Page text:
Lee Dye: Why Some Glaciers Get Dirty

A woman stormed into the mayor's office a while back to demand why Alaska's capital city of Juneau didn't clean up its premier tourist attraction, the spectacular Mendenhall Glacier on the outskirts of town.

The glacier, fed by a 500-square-mile ice field just over the mountains from Juneau, is littered with dirt, marring the view for tourists like herself, the woman complained.

That old yarn makes the rounds up here every year as locals yak it up over the lack of glacial sophistication among the tourists who flock to this region to gaze on some of nature's grand treasures, including the Mendenhall, which is beating a hasty retreat back into the mountains these days like nearly all Alaskan glaciers.

But the tourist had a point that has puzzled experts for years. Why should some glaciers, which form from pristine snow that falls in the mountains, far away from urban populations, be so dirty. Indeed, some glaciers are so filthy that they look like black smudges across the snow rather than the deep blue ice characteristic of glaciers.

And it's not just that the glaciers pick up a little dirt from the fringes as they move back and forth, carving deep "U"-shaped valleys. Dirt, rocks, and all sorts of debris can be found deep inside the ice, far from the edges, frozen in a place where common sense says it shouldn't be.

Like the lady tourist, scientists have also wondered why that should be the case. Now, they think they've figured it out.

Growing Bottoms Up

Experts from several universities, including Lehigh, Michigan State, Buffalo and Penn State, have been examining glaciers in Alaska and Iceland for years now, trying to figure out how the glaciers pick up and transport silt and other debris. The research is funded by the National Science Foundation and the Cold Regions Research and Engineering Laboratory in Hanover, N.H.

Of course, these scientists aren't all that interested in the esthetics that bugged the tourist in Juneau. They are trying to get a better grasp on how glaciers carve those deep valleys and literally move mountains.

That's one of the most dynamic of all mountain-building processes, and to do their job, glaciers must push around thousands of tons of material as they gradually reshape the land.

But that doesn't explain why some of the dirt winds up in the middle of the ice, and is exposed scores of years later as the ice above it melts under the summer sun.

In an article in the recent international journal, Nature, the scientists reveal evidence that glaciers don't owe all their growth to snowfall. They also grow from the bottom up in a process that geologist Grahame Larson of Michigan State compares to opening a can of soda pop that has been in a freezer a bit too long.

Suddenly released from the pressure of the can, the super-cooled liquid soda forms ice on the rim of the can. A similar process occurs in glaciers, the scientists say, and they have given it a name, "glaciohydraulic supercooling."

Why Blue Ice Is Blue

Edward B. Evenson, professor of earth and environmental sciences at Lehigh, says the process begins when the warmer days of summer cause the surface of the glacier to begin to melt. The warmer water penetrates down through the ice to the bottom of the glacier, where it becomes trapped beneath the immense weight of the ice and becomes "supercooled."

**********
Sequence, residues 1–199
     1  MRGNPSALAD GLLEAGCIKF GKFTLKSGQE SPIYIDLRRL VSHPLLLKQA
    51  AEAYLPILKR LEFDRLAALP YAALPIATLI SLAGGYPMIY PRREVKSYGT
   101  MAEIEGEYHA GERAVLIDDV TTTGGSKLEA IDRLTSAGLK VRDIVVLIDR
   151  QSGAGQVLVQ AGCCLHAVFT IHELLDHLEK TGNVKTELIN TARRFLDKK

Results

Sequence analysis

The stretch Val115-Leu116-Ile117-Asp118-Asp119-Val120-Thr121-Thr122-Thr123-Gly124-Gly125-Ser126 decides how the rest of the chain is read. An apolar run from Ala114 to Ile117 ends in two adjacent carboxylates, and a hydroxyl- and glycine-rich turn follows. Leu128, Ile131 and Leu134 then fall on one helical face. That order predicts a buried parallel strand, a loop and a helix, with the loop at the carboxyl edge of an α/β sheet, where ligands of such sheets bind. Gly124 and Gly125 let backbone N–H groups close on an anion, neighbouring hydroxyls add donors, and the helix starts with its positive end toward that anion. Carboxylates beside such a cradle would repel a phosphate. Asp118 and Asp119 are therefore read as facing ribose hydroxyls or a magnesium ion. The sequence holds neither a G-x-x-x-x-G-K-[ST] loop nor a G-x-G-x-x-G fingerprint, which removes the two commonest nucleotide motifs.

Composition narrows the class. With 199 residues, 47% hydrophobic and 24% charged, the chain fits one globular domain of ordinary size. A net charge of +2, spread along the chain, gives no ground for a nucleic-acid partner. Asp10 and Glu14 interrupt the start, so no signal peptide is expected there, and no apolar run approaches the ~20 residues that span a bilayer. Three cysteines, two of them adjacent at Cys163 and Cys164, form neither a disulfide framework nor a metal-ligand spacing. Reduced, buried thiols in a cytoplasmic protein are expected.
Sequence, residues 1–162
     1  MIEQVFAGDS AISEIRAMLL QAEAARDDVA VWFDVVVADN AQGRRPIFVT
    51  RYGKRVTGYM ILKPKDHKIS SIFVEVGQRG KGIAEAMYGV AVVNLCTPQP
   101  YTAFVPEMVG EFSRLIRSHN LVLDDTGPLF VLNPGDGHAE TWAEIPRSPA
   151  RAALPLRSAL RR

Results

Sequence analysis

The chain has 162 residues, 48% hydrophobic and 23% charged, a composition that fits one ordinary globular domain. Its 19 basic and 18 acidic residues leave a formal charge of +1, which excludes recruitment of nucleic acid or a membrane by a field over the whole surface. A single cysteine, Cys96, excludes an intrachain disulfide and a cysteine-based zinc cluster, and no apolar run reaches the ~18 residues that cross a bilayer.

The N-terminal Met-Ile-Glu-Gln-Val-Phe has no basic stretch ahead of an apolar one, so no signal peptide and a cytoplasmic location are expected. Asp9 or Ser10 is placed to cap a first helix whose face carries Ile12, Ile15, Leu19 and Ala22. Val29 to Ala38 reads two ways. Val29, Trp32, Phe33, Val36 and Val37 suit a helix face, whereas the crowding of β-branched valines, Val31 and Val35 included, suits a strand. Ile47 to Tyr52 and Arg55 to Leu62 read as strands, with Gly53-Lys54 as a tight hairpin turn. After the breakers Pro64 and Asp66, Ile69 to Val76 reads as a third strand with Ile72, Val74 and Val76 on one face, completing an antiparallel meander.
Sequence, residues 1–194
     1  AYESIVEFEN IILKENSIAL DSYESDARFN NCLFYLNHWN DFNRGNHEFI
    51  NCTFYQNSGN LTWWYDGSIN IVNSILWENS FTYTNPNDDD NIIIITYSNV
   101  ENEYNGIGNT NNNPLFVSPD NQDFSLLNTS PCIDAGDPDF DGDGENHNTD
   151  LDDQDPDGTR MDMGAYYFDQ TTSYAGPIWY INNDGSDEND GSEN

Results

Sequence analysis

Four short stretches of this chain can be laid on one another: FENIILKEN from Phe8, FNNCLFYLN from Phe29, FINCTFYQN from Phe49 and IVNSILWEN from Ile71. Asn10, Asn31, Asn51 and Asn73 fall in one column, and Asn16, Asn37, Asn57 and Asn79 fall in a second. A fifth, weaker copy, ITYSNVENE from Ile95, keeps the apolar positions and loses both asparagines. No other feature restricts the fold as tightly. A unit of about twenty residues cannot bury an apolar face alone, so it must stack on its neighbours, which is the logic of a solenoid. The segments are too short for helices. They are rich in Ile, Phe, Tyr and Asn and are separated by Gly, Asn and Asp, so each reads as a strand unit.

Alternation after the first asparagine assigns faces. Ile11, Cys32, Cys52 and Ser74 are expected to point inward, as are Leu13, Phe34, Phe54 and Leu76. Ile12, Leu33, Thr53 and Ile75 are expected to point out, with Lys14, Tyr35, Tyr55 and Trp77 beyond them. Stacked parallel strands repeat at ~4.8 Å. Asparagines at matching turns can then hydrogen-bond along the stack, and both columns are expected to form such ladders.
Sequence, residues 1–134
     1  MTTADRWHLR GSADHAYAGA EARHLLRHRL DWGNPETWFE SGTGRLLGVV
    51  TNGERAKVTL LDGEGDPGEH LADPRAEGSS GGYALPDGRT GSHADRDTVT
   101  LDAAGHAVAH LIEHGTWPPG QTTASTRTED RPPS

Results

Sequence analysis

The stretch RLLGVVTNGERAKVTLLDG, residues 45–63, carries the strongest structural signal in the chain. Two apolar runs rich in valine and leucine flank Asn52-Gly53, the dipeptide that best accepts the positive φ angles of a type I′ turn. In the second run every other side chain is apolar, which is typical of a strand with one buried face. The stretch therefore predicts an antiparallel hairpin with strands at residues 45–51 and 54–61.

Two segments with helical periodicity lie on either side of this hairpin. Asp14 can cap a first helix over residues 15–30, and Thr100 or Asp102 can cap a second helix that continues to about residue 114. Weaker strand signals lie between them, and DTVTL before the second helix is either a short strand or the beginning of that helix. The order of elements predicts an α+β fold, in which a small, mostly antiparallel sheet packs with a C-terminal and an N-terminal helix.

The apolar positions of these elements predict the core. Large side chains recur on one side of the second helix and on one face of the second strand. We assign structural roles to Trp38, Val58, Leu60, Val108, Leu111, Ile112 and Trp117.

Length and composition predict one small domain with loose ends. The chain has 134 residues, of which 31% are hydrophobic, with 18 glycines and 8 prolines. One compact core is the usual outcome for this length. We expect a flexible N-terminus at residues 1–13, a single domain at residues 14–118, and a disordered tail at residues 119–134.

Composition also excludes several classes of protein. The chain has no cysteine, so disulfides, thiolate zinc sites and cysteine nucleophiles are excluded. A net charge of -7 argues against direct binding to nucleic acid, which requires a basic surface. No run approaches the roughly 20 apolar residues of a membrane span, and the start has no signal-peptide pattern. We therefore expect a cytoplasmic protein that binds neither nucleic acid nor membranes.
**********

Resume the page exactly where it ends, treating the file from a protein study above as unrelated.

Eventually the water freezes again and becomes attached to the bottom of the glacier, along with whatever dirt and silt it can pick up. The ice and the dirt later separate, forming alternating layers of clean and dirty ice. That process continues all summer long, Evenson says.

So in the winter a glacier picks up new layers of ice on its surface as snow falls in the higher elevations. And in the summer, as it moves down the valley toward the sea, melting somewhat along the way, it picks up new layers of ice and dirt as it grows from the bottom up.

Ultimately, some of those dirty layers will be exposed as the ice melts, much to the consternation of tourists who expect glaciers to be perfectly blue, not black. Incidentally, glaciers are blue because the ice is compacted so tightly that little air is left between the ice crystals, and the glacier thus reflects more blue light than any other color.

These giant pieces of ice are truly among the planet's most spectacular and dynamic structures, but their days may be numbered. Nearly all glaciers in Alaska are retreating, as they have been for thousands of years since the end of the last Ice Age, but these days they are galloping at full throttle.

Los Angeles Ice

Just a couple of decades ago a new visitor's center was built overlooking the Portage Glacier near Anchorage, Alaska's largest city. But within a few years the glacier had retreated so far that it could no longer be seen from the center. Now, to see it you have to get in a boat.

That's pretty remarkable when you think that it hasn't been all that long since glaciers extended as far south as Los Angeles. No kidding.

Lewis Owen of the University of California, Riverside, reveals evidence in the current issue of Geology that shows that a glacier clung to the slopes of San Gorgonio Mountain, just 75 miles east of Los Angeles, just 12,000 years ago. Owen thinks it might have even been there as recently 5,000 years ago, but not everybody agrees with that date.

Too bad it's gone. Southern California, now sweltering in the heat and facing chronic water shortages, could use a big chunk of ice these days.

Lee Dye’s column appears weekly on ABCNEWS.com. A former science writer for the Los Angeles Times, he now lives in Juneau, Alaska.

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